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Personnel from the Navy Unmanned Combat Air System (N-UCAS) program team and industry partner Northrop Grumman Corporation are underway with USS Abraham Lincoln (CVN 72) to test the integration of existing ship systems with new systems that will support the X-47B Unmanned Combat Air System Demonstration (UCAS-D).
This effort will reduce program risk and is one of many steps toward the X-47B's first carrier arrested landing or "trap."
The X-47B will be the first unmanned jet aircraft to take off and land aboard an aircraft carrier. With a 62ft wingspan and length of 38ft, the X-47B is about 87 percent the size of the F/A-18C aircraft currently operating aboard Navy aircraft carriers.
The UCAS-D effort is focused on developing and demonstrating an aircraft carrier (CV) suitable, low observable (LO) unmanned air system in support of persistent, penetrating surveillance, and penetrating strike capabilities in high threat areas. The effort will evolve technologies required to conduct launch, recovery, and carrier controlled airspace (CCA) operations and autonomous air refueling (AAR) of an LO platform. By FY13, the Navy plans to achieve UCAS CV demonstration; achieve hybrid probe & drogue (USN style) and boom/receptacle (USAF style) AAR demonstration; and evaluate and identify technologies supporting future naval capability requirements.
Mark Pilling, a former naval flight officer with operational unmanned aircraft experience, is the team's mission operator. He and his team are charged with verifying mission operator software between the ship and aircraft.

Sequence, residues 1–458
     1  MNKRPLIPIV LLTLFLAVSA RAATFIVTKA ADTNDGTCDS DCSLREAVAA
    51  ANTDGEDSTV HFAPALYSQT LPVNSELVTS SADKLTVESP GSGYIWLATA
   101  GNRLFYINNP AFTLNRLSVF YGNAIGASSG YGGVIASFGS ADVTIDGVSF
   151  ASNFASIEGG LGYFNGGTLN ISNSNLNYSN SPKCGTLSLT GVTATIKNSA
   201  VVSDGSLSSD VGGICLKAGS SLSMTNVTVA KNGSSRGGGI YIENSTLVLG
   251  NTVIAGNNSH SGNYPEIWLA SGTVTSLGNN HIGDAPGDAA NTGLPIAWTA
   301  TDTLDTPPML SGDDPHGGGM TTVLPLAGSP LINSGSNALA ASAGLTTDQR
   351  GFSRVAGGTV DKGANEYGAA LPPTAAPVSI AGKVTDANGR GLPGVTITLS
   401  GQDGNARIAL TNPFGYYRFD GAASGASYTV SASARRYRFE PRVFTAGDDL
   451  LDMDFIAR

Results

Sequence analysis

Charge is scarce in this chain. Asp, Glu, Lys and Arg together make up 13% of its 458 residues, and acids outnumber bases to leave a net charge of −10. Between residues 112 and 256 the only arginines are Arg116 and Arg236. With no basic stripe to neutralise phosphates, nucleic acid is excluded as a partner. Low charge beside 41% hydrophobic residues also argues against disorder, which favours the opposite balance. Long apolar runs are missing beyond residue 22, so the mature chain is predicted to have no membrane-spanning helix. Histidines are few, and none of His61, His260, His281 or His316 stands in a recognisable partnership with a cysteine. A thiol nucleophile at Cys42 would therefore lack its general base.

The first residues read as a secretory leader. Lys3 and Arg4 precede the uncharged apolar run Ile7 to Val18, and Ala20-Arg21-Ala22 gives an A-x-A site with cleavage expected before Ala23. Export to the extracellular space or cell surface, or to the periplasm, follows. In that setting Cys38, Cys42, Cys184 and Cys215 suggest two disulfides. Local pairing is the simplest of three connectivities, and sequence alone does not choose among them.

"This is the first step in the X-47B's integration into the carrier's systems," said Pilling.
The team is testing X-47B software integration by using a King Air turbo prop "surrogate" aircraft taking off and landing from shore. As the aircraft approaches the carrier, it performs the same types of procedures as manned aircraft. However, since the X-47B is unmanned, digital messages from shipboard controllers will be used to control the aircraft instead of verbal instructions. In response to the digital command and control messages, the plane's software confirms, complies and sends a "wilco" signal back to the controllers and mission operator.
"Over the last two at sea periods on Lincoln, we have integrated into a number of the ship systems, from PriFly, to CATCC, to the LSO platform," said Pilling.
Janice Stolzy, the Northrop Grumman project lead, is on board to verify that the prototype equipment works in a real-time operational environment. Stolzy said successful UCAS-D system testing on Lincoln will set the stage for additional developmental testing later this year, including testing the software integration using an F/A-18 surrogate aircraft to more closely emulate the X-47B's flight path.
John Zander, Naval Air Systems Command (NAVAIR) lead test engineer, said a prime benefit of a UCAS concept is to reduce the risk to human pilots.
"This is an important milestone for the Navy and we're making great strides on board Lincoln," said Zander.
Additional UCAS-D development activities are underway at multiple NAVAIR and Northrop Grumman sites throughout the United States. First flight of the X-47B is expected later this year.